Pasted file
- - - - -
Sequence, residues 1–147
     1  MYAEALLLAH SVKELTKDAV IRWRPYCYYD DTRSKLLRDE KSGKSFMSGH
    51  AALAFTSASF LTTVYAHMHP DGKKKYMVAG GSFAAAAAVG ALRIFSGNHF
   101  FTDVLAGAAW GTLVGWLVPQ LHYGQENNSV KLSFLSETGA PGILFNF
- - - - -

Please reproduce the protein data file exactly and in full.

Sequence, residues 1–147
     1  MYAEALLLAH SVKELTKDAV IRWRPYCYYD DTRSKLLRDE KSGKSFMSGH
    51  AALAFTSASF LTTVYAHMHP DGKKKYMVAG GSFAAAAAVG ALRIFSGNHF
   101  FTDVLAGAAW GTLVGWLVPQ LHYGQENNSV KLSFLSETGA PGILFNF